Family Based Immigration
Family Based Immigration

You may be eligible to receive your Green Card (become a permanent resident) through your family members if you are:

✅ An immediate relative of a U.S. citizen, this includes spouses, unmarried children under the age of 21, and parents of U.S. citizen petitioners 21 or older

✅ A family member of a U.S. citizen under a preference category, this includes unmarried sons or daughters over the age of 21, married children of any age, and brothers and sisters of U.S. citizen who are 21 or older

✅ A family member of a lawful permanent resident (green card holder) under a preference category, this includes spouses and unmarried sons or daughters under the age of 21 of the sponsoring green card holder

✅ A battered spouse, child or parent of U.S. citizen or lawful permanent resident under the Violence Against Women Act (VAWA), This category is not just limited to women

✅ A person born to a foreign diplomat in the United States

✅ A V nonimmigrant. This category is limited to a spouse or child of a permanent resident who was petitioned for by their green card holding spouse or parent before December 20, 2000 under the Legal Immigration Family Equity (LIFE) Act

✅ A widow(er) of a U.S. Citizen if you were married in a good faith marriage when your spouse passed away and are not remarried

✅ A fiancé(e) of a U.S. citizen (K-1 nonimmigrant) or the fiancé(e)’s child (K-2 nonimmigrant)

A sponsor must be at least 18 years old, and a U.S. citizen or legal permanent resident (green card holder). The sponsor generally must live in the United States, a territory or possession, unless you live abroad temporarily and your permanent residence is still in the U.S.

You are not eligible to be sponsored through your family members if you are:

❌ A married child of a lawful permanent resident (green card holder)

❌ A spouse, if you and your spouse were not both physically present at the marriage ceremony, unless the marriage was consummated

❌ A spouse, if your spouse gained lawful permanent resident status (green card) through a prior marriage to a U.S. citizen or lawful permanent resident , unless:

  • Your spouse is now a naturalized U.S. citizen;

  • Your spouse has been a lawful permanent resident for at least five years;

  • Your spouse can establish by clear and convincing evidence that you did not enter the prior marriage (through which they gained lawful permanent resident status) in order to evade any U.S. immigration law; or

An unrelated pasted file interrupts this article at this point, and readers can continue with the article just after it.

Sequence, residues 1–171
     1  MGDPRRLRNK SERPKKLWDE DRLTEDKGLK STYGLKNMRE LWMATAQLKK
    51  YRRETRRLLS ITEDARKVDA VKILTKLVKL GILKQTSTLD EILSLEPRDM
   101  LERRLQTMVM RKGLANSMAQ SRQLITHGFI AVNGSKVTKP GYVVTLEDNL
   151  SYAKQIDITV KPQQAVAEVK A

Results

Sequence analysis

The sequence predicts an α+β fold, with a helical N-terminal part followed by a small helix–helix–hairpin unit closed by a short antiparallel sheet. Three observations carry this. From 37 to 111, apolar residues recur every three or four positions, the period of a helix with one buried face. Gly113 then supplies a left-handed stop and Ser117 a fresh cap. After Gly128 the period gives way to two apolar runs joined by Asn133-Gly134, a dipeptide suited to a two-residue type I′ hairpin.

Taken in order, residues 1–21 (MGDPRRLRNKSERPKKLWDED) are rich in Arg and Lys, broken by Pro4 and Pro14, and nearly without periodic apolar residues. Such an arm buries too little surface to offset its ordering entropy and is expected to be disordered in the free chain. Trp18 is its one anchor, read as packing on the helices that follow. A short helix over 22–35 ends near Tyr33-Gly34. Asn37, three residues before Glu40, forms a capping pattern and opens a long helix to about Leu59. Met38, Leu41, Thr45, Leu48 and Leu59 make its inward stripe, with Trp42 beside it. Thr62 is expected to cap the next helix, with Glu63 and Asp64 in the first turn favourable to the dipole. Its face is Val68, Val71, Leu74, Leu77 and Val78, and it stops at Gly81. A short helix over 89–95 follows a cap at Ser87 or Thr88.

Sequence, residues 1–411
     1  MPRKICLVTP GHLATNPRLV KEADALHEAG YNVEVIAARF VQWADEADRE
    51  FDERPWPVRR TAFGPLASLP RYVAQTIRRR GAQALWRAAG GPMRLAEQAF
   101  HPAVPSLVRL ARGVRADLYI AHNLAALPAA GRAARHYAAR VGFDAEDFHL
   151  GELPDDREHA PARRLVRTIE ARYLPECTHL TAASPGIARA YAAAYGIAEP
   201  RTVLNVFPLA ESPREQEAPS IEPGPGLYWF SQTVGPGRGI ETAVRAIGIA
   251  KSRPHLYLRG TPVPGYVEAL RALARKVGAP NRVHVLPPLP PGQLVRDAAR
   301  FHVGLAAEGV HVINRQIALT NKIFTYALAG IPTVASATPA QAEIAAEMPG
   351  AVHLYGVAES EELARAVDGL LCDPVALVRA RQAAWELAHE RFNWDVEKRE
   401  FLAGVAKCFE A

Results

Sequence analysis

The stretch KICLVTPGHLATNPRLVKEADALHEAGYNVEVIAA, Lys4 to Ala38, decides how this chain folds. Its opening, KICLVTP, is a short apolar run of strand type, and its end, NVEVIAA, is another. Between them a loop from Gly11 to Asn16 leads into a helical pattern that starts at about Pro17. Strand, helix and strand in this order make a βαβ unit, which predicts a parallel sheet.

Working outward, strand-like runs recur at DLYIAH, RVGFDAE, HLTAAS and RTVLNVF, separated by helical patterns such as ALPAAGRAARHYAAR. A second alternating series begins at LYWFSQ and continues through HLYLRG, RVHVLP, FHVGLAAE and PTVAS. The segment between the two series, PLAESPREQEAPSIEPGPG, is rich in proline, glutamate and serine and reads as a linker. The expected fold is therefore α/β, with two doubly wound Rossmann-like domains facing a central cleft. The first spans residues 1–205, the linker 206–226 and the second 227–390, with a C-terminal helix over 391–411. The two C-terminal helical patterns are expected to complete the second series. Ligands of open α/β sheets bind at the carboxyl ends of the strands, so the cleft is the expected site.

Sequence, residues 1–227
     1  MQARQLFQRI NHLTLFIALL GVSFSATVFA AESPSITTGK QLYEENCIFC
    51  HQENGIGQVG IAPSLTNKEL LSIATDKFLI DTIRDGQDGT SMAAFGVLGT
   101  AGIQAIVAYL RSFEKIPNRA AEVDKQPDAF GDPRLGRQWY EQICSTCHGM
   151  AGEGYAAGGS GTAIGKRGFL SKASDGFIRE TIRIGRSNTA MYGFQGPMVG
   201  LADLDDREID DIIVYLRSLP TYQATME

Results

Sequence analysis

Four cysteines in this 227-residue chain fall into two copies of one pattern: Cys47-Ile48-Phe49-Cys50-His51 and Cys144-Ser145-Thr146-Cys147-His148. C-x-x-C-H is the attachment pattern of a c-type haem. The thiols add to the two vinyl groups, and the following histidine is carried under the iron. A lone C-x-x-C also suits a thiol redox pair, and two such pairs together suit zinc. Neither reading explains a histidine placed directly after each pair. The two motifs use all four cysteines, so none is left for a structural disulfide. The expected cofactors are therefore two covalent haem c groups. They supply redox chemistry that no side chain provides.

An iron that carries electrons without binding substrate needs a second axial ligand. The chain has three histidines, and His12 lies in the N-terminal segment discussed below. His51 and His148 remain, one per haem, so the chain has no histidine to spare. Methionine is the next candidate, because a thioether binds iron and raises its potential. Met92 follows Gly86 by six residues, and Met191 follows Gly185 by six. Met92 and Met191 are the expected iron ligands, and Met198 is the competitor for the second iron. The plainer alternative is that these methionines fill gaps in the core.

• Your spouse's prior marriage through which they gained their immigrant status was terminated by the death of their former spouse

❌ A spouse, if you married your spouse while you are in or the subject of an exclusion, deportation, removal, or rescission proceeding . However, you may be eligible for the bona fide marriage exemption under INA section 245(e)(3) if:

  • You and your spouse request in writing a bona fide marriage exemption and prove by clear and convincing evidence that the marriage is legally valid where it took place and that you and your spouse married in good faith and not for the purpose of obtaining lawful permanent resident status for your spouse and that no fee or any other consideration (other than attorney fees) to file the petition; or

  • You have lived outside the United States, after the marriage, for a period of at least two years

❌ A grandparent, grandchild, nephew, niece, uncle, aunt, cousin, or parent-in-law

❌ A stepparent or stepchild, if the marriage that created the relationship took place after the child turned 18 years of age

❌ An adoptive parent or adopted child, if the adoption took place after the child turned 16 years of age, or if the child has not been in the legal custody and has not lived with the parents for at least 2 years before filing the petition

❌ A birth natural parent if your child gained lawful permanent resident status (green card holder) or U.S. citizenship through adoption or as a special immigrant juvenile

❌ Any person, if USCIS determines that he or she entered into or attempted or conspired to enter into a marriage in order to evade U.S. immigration laws


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